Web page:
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Jennifer Cutraro is a freelance science and education writer in the greater Boston area who specializes in writing for kids and teachers. She contributes regularly to Science News for Kids and writes a weekly lesson on science in the news for the New York Times Learning Network. Jennifer has developed educational materials for NOVA scienceNOW, the New England Aquarium, and Houghton Mifflin and has also written for media outlets including the Boston Globe, the Los Angeles Times, Scholastic Science World and National Geographic Kids. A native of Milwaukee, she enjoys exploring the New England coastline with her husband and looking for slimy things under logs with her two young daughters.

4 responses to “Whoops! I got a real job”

  1. Heather

    That is so exciting!!! That would be a dream job for me.

    I was just reading — I believe it was in “The Startup of You” — that the best course to take was to identify yourself more by your skill set than your place of employment. We have changed from a culture where you used to identify with one employer for a long time. Obviously, that is no longer the case.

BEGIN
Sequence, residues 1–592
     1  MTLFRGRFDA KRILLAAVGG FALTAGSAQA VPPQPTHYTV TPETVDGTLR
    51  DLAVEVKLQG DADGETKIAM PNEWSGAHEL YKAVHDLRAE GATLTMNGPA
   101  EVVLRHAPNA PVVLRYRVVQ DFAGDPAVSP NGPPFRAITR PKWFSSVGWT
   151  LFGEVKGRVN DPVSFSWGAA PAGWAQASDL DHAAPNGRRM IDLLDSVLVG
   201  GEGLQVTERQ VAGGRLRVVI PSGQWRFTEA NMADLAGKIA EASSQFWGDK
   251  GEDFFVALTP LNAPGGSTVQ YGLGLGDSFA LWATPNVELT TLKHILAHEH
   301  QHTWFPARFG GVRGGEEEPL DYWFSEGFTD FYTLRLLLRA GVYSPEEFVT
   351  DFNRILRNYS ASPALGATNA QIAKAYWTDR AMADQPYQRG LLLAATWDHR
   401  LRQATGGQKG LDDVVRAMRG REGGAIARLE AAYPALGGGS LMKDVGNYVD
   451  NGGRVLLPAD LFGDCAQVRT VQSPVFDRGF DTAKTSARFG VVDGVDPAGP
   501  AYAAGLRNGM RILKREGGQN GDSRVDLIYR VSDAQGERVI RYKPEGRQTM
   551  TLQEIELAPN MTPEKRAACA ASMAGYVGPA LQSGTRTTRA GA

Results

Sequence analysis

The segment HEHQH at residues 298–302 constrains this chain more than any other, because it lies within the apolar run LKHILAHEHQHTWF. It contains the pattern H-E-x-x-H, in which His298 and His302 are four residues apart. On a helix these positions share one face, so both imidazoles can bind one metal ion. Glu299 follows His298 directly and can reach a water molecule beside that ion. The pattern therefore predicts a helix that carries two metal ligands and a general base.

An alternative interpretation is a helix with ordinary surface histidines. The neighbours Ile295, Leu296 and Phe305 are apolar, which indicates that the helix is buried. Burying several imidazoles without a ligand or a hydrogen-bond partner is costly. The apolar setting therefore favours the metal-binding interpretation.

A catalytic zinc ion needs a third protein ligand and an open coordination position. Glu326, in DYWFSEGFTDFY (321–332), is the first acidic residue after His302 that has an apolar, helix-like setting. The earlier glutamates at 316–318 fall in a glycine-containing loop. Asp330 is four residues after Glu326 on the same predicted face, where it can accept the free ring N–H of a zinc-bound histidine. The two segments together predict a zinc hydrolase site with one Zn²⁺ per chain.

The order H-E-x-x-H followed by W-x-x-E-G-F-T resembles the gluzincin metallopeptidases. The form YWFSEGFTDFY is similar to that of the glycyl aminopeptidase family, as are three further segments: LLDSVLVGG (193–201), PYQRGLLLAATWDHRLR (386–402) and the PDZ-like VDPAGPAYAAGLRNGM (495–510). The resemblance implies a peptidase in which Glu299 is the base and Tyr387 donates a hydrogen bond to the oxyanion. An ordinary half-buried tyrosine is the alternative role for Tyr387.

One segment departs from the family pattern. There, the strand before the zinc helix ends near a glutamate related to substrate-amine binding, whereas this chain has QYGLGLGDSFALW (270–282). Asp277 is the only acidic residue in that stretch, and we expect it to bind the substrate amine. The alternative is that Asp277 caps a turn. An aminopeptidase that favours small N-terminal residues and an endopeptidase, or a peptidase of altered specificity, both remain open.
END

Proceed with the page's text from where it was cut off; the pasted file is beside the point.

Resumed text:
In both places of employment (I consider freelancing to be a place) you are a Science Writer & Editor. WGBH happens to be using your expertise in that broad category.

    Ooh — remember the orange lights and that weird techno music that would outline the letters after NOVA back in the ’80s? I’m getting chills.

  2. Emily Gertz

    Heather, that’s a great suggestion. Myself, I don’t even say what kind of writer I am on my cards and .sigs, just “journalist and editor.” I don’t want to shut myself out of a potential assignment because an assigning editor isn’t looking for an “environmental journalist.”

    I fondly remember that NOVA intro.

  3. Kendall Powell

    We are big fans of “Peep” at our house. One of Ryan’s first sentences was “More Peep!” Okay that’s not really a sentence, is it, even with punctuation?

    I love how it sneaks science and discovery into a funny preschooler cartoon. The fact that you get to work on similar projects feels like a “REAL” job that is perfectly suited for you, Jenny!

    Besides anyone who freelances and makes it work for at least a year or more gets a “freelancer for life” card IMHO.

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